Though Klaserie shares the shortest border with the park, it is the largest private game reserve that forms part of the Greater Kruger National Park. Lodges such as Gomo Gomo Game Lodge provide more affordable yet still reverently stylish accommodation options.
Balule Private Game Reserve hugs the western boundary of the Kruger Park and stretches over 40 000 hectares of privately owned land. The prolific Olifants River continues its course through Balule for 20km, sustaining the proliferation of wildlife.
Manyeleti lies in the supreme game area between Sabi Sand and Timbavati, with wildlife trekking in unabated flows between the private reserves and Kruger Park. The reserve is quieter than its neighbors, providing a truly 'private' viewing experience.
Mala Mala is generally considered the birthplace of the South African private lodge experience. The reserve is the largest of the private reserves that used to make up the Sabi Sand. It occupies prime game viewing land immediately to the west of the park.
The most impressive of Africa's large mammals occur in significant numbers in the Kruger National Park. Viewing one of these imposing beasts in its natural habitat is always one of the highlights of a safari.
Social animals by nature, prides of Lion are scattered throughout Kruger, with the highest concentrations occurring in the Southern and central parts of Kruger.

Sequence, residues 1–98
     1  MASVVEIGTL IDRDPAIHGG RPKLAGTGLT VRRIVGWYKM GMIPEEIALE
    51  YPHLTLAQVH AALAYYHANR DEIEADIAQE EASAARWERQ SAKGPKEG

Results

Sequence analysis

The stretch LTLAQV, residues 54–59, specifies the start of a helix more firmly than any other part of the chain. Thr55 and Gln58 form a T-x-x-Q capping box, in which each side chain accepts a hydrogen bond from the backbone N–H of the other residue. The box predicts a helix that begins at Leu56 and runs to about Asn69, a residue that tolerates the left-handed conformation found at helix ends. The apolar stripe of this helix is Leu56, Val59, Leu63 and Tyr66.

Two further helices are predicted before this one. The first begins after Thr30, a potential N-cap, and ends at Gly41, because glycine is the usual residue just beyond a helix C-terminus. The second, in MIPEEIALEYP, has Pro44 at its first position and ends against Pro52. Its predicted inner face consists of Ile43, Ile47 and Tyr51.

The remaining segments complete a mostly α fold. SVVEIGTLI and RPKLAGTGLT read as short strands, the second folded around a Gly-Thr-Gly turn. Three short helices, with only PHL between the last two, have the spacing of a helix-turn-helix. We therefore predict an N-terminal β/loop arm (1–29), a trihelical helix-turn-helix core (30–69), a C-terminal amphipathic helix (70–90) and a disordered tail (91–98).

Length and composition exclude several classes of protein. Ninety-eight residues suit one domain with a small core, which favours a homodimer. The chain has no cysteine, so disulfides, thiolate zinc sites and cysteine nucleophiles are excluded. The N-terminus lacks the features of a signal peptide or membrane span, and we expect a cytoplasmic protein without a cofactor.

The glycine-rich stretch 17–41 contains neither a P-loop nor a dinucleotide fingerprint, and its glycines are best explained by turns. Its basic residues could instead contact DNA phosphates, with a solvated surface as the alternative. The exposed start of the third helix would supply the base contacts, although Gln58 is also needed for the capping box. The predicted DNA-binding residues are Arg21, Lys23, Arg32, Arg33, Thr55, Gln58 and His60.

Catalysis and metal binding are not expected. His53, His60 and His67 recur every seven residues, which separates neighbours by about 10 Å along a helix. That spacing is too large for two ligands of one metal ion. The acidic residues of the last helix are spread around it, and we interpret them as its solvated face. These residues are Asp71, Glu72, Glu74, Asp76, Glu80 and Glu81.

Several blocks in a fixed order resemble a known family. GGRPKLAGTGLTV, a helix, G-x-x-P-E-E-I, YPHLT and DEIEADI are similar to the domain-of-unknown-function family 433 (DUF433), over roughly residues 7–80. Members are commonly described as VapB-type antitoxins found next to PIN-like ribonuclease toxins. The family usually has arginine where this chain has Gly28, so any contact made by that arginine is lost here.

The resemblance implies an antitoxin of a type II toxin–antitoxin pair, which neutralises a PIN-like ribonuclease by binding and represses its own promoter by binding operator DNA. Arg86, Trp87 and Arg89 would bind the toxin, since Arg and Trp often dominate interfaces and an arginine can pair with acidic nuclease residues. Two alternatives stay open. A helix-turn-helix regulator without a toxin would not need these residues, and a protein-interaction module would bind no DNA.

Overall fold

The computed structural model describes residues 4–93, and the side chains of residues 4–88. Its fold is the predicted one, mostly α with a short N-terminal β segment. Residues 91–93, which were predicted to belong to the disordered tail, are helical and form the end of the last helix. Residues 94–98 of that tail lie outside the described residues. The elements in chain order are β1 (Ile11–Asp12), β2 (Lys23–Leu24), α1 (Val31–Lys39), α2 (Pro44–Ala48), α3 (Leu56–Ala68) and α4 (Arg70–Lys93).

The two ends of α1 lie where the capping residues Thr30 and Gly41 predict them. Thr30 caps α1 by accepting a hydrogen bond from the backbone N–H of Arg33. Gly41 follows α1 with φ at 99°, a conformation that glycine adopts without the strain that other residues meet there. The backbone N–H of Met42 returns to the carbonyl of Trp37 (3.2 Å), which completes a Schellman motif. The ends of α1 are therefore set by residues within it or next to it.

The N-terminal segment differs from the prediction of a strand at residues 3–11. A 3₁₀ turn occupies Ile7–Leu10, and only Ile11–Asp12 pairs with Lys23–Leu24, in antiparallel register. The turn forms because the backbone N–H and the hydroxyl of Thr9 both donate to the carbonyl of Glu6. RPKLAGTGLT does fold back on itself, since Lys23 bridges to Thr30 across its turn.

Large herds of elephants, solitary bulls, and groups of young bulls can be seen along the watercourses that crisscross the Wilderness they call home.
Kruger is home to the White (Square Lipped) and the smaller Black (Hook Lipped) Rhino. They are especially numerous in the Southern parts of the park.
Great herds of buffalo roam the grassland of Kruger. These bovines are seen throughout Kruger Park. They are a favorite prey of the lion prides in this Wilderness.
The most elusive of the Big 5, leopard prefer the densely wooded areas that surround water courses where they are able to protect their kills from other predators by taking it up into the trees.
In addition to the Big 5, Kruger is home to an abundance of large and small mammal species.More Mammals
A week spent exploring the Kruger National Park in the company of an expert guide whose intimate knowledge should add greatly to the enjoyment of your safari.
Explore the Southern part of the Kruger National Park accompanied by an African Sky guide. Accommodation is in en-suite air-conditioned bungalows.
Two of the finest lodges in the Greater Kruger National Park in two distinct private game reserves are the focus of this week-long safari.
Kruger National Park stretches over nearly 2 million hectares of South African Lowveld; the park is one of the largest conservation areas on the African continent. Kruger is a haven for ample numbers of the Big 5, as well as almost 150 other mammal species, hundreds of bird species, and a variety of amphibian and reptile life. There is an element to overwhelm every sense and settle itself in the most romantic corners of the memory.
The remarkable collection of accommodation options available in the park itself and the private game reserves on its border is another appealing hallmark of the park, providing a diverse selection for both the budget traveler and the hedonist. From the bare minimum of a self-struck tent to the luxury of an all-inclusive private lodge, the Kruger National Park can entertain every cut of holidaymakers.